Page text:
In May 2015, I visited a Copenhagen exhibition on the many victims of torture carried out by the Syrian regime since the war broke out.
BY MASIH SADAT
(WARNING: EXTREMELY GRAPHIC IMAGES)
Since then, at least 200,000 had been captured by the regime. With the help of a defector (called “Caesar”), 50,000 photos of dead prisoners were leaked, proving that at least 11,000 of the captured Syrians had been tortured to death in the prisons.
The images below were put on display at the exhibition, along with their personal stories written by their close friends who live in Denmark today; “I’ve seen the photos of Hamza’s (age 13) dead body. They had been using drills. It was so cruel. I chose not to show these pictures in this exhibition.”
More than 2,000 of Caesar’s photos of the torture victims are displayed on this website.
“I witnessed many atrocities: bodies like skeletons due to hunger, in which each body had a serial number … There are more than 100 thousand detainees still in al-Assad’s prison waiting to be saved”
“Khaled was 25 and had studied Economics at the University. He came from Yarmouk Camp and was a relief worker in a Jafra foundation for relief and development. People inside and outside Yarmouk Camp loved him. He was elected Camp Coordinator. He mentored children and youth. He smuggled medicine into field hospitals. He and other gathered baskets of food to support Homs Camp.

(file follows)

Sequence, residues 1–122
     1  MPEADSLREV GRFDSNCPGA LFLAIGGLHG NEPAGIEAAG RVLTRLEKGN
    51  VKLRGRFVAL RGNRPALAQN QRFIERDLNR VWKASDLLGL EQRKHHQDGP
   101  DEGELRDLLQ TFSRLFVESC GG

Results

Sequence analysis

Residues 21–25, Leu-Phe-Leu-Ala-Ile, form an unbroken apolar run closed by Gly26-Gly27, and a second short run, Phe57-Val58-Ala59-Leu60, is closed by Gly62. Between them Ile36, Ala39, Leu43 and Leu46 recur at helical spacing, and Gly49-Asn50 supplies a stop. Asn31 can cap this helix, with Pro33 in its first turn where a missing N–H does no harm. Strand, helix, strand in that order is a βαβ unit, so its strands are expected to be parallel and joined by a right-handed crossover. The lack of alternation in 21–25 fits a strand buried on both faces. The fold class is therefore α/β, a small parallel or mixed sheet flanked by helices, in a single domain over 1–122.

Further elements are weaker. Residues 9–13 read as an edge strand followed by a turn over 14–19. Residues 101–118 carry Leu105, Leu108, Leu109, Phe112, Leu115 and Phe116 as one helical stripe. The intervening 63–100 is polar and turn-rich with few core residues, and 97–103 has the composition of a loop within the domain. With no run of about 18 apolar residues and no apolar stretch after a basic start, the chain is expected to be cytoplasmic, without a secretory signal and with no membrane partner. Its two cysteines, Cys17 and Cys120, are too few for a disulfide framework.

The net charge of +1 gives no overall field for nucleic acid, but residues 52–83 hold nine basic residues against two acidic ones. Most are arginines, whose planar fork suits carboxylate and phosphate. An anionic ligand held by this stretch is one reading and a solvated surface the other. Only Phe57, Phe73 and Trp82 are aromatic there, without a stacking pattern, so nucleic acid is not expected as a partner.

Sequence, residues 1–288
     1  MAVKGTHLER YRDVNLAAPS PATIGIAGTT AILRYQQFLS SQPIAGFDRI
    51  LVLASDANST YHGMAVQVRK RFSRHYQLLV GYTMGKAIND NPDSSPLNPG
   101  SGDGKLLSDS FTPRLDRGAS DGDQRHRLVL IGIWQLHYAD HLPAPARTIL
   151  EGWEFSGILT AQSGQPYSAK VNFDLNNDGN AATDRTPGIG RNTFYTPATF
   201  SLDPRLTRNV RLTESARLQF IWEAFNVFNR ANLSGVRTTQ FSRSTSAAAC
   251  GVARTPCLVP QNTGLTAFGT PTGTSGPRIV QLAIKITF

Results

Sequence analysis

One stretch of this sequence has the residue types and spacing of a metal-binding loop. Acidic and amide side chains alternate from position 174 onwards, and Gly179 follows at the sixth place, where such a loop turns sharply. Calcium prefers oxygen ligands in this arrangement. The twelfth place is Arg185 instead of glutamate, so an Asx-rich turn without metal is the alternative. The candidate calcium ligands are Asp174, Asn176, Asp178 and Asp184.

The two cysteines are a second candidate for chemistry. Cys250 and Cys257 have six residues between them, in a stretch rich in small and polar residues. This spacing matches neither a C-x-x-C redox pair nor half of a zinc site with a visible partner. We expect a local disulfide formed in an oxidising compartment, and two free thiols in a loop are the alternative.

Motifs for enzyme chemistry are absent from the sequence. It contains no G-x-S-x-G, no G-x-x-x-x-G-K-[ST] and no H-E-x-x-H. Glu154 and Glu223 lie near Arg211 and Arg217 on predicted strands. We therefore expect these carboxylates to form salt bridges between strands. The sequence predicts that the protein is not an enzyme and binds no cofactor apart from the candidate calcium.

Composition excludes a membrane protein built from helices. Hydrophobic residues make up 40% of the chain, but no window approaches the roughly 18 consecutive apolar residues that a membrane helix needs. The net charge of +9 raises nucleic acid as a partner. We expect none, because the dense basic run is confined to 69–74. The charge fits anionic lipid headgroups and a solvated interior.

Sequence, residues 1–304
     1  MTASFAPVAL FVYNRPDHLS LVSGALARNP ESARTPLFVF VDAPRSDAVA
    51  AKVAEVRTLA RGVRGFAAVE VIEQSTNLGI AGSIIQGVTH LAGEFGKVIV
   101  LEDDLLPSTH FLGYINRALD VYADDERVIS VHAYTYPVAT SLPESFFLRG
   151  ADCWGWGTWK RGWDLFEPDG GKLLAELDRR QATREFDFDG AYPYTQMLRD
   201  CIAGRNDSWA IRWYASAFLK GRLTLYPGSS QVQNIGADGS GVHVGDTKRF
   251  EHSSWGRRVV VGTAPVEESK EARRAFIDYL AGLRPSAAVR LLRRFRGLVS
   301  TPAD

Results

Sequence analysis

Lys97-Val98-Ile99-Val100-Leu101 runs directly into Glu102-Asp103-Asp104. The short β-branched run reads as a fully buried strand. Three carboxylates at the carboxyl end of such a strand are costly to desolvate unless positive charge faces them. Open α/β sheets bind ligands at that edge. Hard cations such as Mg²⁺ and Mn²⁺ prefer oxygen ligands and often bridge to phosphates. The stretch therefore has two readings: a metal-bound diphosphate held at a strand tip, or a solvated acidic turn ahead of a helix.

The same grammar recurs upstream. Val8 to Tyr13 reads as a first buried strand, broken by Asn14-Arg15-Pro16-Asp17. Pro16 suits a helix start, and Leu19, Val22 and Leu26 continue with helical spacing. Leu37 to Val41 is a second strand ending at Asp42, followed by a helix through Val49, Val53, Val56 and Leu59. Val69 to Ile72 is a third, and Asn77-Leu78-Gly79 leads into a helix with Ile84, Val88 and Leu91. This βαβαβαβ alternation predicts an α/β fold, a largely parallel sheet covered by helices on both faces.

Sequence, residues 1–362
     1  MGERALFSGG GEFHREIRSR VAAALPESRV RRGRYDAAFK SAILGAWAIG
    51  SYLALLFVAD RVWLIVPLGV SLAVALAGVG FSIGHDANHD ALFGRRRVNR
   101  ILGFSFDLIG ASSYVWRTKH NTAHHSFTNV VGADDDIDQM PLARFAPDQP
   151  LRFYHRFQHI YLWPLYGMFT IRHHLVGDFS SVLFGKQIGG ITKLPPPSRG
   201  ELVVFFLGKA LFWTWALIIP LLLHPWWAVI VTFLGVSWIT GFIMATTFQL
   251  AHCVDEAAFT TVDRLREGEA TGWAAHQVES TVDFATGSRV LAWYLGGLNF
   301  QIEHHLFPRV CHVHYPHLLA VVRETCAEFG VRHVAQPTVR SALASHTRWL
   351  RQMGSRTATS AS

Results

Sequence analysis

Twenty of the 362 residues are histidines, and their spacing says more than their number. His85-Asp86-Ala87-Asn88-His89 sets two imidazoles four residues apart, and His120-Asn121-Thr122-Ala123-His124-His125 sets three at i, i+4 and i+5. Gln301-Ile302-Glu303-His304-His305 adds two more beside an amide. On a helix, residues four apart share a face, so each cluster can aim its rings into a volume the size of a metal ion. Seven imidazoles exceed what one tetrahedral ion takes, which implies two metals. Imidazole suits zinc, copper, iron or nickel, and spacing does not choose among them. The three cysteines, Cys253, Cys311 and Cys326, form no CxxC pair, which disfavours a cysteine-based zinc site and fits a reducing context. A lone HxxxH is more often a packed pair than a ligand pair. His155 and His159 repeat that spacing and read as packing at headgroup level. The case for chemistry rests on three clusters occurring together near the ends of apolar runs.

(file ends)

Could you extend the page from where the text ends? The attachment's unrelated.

One of his friends remember Khaled always asking to deliver greetings from him to his brothers there. “Who are your brothers?” the friend asked. “Khaya (bro)” he replied, “all the people in Homs Camp are my brothers.”
Khaled was engaged and ways always wearing a green sweater that his fiancée liked. He also wears that green sweater in the photos taken in prison.”
Mohamad al Khatib
“Mohamad al Khatib, whom we called “Abu Ibrahim – father of Ibrahim”, was in his forties and worked in auto parts. He was born in Yarmouk Camp into a family who originally came from Sepphoris in Nazareth district. Before the Syrian uprising he was active in Palestinian intellectual and school affairs, with a special interest in Palestinian literature and history. He was arrested in his apartment in Yarmouk, where he lived with his wife and a father for five children.
The only crime Ibrahim committed was organising food deliveries to the displacement centers that civilians had been setting up in mosques and United Nations schools.”
Thamer al Sharai
“Thamer al Sharai was only 15, a boy who felt that life was always smiling – and he could throw smiles back at it. He lived near Daraa, the first place where civilians dared to speak up about freedom – and then were besieged by Assad’s army.
When the citizens of Daraa were cut off from food supplies, people from nearby villages marched to Daraa, carrying bread and asking the soldiers to stop the siege. Thamer came with his family and friends, calling out again and again “Selmiah Selmiah (peaceful peaceful). The demonstrators were met by gunfire. Many were killed and others, like Thamer, were arrested. Six months later the regime brought his tortured dead body to his family. And he was not the only boy to die.